People without celiac who blame the pain on gluten are more likely troubled by something else in wheat, according to research at Oslo University Hospital in Norway. In 59 volunteers who had chosen a gluten-free diet because it made them feel better, researchers found most of them experienced discomfort after consuming fructan, not gluten.
Fructan is a carbohydrate found in wheat and some vegetables, such as onions, garlic, broccoli, cabbage and asparagus. It can affect irritable bowel syndrome (IBS), which is often reversible on a low-FODMAP diet.
In the study, participants ate muesli bars once a day. The bars were originally gluten free and low-FODMAP, but some had been laced with either the gluten or fructan equivalent content of four slices of sandwich bread. The bars appeared indistinguishable.
Each volunteer underwent three different challenges that lasted a week in randomly assigned order: eating gluten, fructan or a placebo bar containing neither. Between challenges, participants had at least a week or as long as needed for digestive problems to stop before proceeding to the next one. After each test, volunteers rated their discomfort on a scale to assess symptoms of IBS including pain, bloating, constipation, diarrhea and fullness.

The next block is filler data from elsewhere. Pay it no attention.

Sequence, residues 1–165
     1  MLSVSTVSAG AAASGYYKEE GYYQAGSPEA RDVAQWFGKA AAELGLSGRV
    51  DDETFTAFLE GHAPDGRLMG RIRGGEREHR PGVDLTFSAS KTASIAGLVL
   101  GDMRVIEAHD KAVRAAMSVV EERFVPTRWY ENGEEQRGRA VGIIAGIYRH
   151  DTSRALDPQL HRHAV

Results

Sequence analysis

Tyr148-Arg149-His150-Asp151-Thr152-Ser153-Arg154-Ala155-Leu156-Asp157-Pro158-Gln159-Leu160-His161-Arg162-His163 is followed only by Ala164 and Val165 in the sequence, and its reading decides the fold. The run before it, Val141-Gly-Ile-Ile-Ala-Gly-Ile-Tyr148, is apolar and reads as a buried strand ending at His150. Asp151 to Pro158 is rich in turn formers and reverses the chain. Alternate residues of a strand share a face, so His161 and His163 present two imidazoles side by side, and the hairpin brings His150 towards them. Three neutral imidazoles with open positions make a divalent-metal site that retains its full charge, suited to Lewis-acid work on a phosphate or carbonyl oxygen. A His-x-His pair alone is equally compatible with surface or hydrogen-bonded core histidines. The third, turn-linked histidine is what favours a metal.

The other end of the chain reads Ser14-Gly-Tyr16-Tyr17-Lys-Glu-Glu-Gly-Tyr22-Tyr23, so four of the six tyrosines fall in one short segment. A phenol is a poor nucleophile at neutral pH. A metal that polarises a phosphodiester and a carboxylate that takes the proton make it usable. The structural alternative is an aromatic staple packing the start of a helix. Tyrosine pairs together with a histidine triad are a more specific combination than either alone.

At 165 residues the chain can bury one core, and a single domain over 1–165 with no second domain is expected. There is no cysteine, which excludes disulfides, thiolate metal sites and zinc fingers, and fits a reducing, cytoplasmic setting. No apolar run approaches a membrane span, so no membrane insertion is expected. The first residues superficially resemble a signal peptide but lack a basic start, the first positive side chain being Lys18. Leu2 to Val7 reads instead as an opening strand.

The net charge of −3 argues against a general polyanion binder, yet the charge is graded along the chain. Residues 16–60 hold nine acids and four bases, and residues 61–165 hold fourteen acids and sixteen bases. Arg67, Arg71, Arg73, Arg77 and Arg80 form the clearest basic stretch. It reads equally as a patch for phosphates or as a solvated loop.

The group reported significantly higher overall symptoms during the fructan challenge than on gluten or placebo. Fructan also scored highest for bloating alone. There was no difference in scores between gluten and placebo challenges.
The worst symptoms were reported on gluten, fructan and placebo by 13, 24 and 22 patients, respectively. Even in the most gluten-sensitive group, only four scored high enough versus the placebo to be diagnosed with non-celiac gluten sensitivity.
What does it mean?
While the study is small and does not rule out gluten sensitivity in some cases, it raises questions about how the condition has been studied, diagnosed and treated. The authors express doubt that non-celiac gluten sensitivity should be distinguished from IBS.
Skodje GI, Sarna VK, Minelle IH, Rolfsen KL, Muir JG, Gibson PR, Veierød MB, Henriksen C, Lundin KEA. “Fructan, rather than gluten, induces symptoms in patients with self-reported non-celiac gluten sensitivity,” Gastroenterology 2017;Nov 1, doi:10.1053/j.gastro.2017.10.040 [Epub ahead of print].
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